Apr 2, 2003
    The Duke City
    Good point.
     
  7. ConU

    ConU

    Mar 5, 2003
    La Belle Province
    The lack of responses to this thread really is a telltale sign of how few players here gig professionally or semi- on any sort of basis,let alone regularly or part-time.:crying:
     
  8. Blueszilla

    Blueszilla Bassist ordinaire

    Apr 2, 2003
    The Duke City
    I guess it just seems like there are lots of guys gigging, but of course I really don't know what the percentages are. Maybe the guys who are haven't posted. It's nice enough to have anybody respond, it actually makes me feel better about the situation, so for those who have given me advice or words of any kind, I say thanks!
     
  9. 20db pad

    20db pad

    Feb 11, 2003
    I been everywhere, man...
    None. At all.
    I don't know if I'm being a buzzkill here, but sometimes a bassist and drummer simply don't click at all. I suppose there's a million subjective reasons, but it still happens. I play well with other drummers, but one particular situation didn't work, no matter how hard I tried. Being somewhat of a mercenary gun for hire, I found this odd, but not unheard of from my conversations with other bassists.

    This "no hookup" thing happened to me only once, at a time when I had become a solid enough player to not chalk it up to youth or inexperience. Unfortunately, the drummer I was having problems with was in the band longer, went to PIT, and a charter member as well. I was easily the low guy on the totem pole. Although it was a steady working band with a good rep, we had to part ways. Later, I ran into many players who thought he had weird time, too. Nice guy, though.

    To sum up, I found that the magic hookup just isn't there in some rare cases. My advice isn't to just walk out like I did, but at least to keep my experience in mind.
     
  10. Christopher

    Christopher

    Apr 28, 2000
    New York, NY
    Sounds like you're taking the rap for a lack of competence on the part of the drummer. That's a bad situation.

    A metronome can be used determine who's actually at fault here. Resorting to its use will appear defensive, but if you are right and the drummer is the one messing up, it could get the guitarist off your back.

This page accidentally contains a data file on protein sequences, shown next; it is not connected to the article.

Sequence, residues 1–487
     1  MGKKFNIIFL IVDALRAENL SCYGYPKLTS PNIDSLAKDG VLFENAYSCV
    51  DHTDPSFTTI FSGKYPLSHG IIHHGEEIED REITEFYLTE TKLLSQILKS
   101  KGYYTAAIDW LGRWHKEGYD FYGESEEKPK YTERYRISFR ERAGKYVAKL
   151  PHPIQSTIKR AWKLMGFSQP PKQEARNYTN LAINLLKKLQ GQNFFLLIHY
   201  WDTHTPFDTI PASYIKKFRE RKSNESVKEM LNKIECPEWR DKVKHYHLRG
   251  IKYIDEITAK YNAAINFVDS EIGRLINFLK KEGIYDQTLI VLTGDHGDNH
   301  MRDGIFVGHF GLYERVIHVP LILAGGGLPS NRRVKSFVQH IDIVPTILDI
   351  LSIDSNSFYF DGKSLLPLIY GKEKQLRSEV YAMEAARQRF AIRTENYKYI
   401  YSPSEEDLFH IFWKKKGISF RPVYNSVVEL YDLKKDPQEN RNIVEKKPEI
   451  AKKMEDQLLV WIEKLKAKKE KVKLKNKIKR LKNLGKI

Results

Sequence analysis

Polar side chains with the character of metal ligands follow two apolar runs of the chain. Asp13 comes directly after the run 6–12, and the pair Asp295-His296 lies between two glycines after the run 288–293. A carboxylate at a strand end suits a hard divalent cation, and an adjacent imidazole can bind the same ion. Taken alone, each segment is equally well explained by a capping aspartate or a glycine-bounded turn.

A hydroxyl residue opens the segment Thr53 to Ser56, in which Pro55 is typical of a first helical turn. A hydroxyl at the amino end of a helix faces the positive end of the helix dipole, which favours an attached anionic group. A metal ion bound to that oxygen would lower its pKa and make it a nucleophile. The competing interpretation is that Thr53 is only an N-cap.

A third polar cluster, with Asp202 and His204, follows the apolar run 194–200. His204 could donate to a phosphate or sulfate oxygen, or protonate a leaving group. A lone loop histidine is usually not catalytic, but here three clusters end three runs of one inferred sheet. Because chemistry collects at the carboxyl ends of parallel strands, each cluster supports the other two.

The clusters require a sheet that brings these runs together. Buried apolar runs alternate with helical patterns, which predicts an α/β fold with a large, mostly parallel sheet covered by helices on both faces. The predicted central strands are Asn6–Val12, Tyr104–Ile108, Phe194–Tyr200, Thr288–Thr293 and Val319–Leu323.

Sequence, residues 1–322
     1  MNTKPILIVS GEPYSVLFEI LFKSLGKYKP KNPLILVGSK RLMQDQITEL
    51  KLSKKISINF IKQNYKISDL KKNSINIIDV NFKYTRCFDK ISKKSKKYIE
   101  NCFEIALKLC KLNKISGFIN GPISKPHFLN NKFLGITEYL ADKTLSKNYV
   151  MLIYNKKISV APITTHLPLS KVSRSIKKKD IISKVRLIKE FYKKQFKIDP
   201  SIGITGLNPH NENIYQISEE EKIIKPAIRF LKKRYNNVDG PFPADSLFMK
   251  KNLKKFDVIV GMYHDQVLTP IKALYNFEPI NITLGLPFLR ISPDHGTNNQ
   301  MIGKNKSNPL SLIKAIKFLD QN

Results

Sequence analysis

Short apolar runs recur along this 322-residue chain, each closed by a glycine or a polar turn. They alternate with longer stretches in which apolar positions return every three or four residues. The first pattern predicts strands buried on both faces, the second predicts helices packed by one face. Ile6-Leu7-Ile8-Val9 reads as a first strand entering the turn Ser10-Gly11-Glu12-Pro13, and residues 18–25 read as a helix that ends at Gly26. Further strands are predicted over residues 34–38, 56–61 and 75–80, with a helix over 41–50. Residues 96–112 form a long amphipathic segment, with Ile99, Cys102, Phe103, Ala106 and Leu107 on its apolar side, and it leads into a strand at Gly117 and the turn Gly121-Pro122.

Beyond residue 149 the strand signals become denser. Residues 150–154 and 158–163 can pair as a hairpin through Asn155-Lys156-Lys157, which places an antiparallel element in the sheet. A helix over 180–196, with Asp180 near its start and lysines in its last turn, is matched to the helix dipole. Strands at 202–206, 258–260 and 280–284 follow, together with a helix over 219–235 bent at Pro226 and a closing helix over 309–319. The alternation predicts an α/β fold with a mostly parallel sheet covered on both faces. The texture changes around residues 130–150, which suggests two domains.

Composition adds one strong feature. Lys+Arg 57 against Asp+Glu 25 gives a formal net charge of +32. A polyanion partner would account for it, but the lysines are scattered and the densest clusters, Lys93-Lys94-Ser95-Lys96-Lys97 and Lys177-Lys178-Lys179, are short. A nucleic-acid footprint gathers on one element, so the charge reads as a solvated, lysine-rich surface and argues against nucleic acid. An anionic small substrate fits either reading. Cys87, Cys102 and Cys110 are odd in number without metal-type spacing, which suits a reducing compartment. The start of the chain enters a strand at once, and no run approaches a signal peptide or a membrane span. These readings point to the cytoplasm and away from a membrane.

Also, if the guitarist has such good time, I don't understand how he can criticize you for
    "pushing" the beat if you are trying to slow the drummer down.
     
  11. Thor

    Thor Moderator Staff Member Gold Supporting Member

    I used to run a cassette or reel to reel recorder at both practices and gigs. Nothing fancy, just a mike or 2 from the ceiling. At least one was strategically placed between the drummer and myself. The guys got used to the idea quickly, and became just part of the background after a while.

    There were a few benefits out of this. I was able to identify passages I played that were weak, or awkward, areas where my voicing or phrasing could be improved. As a result, I was able to critique my own playing as if I were standing out in the audience.

    One thing, that tape sure doesn't lie. Every mistake, and who is making it, becomes painfully apparent to a musician with a critical ear. Then you can sit with your band leader(s) and objectively decide where the improvements are, and who is going to make them, after reviewing slected portions of the tapes together.

    One other thing, I have always found that the longer you play together, the easier it gets. After a couple of years, you can literally look at the other musician and anticipate what they are going to play, so time does rectify some of these issues.

    Thor
     
  12. embellisher

    embellisher Holy Ghost filled Bass Player Staff Member Supporting Member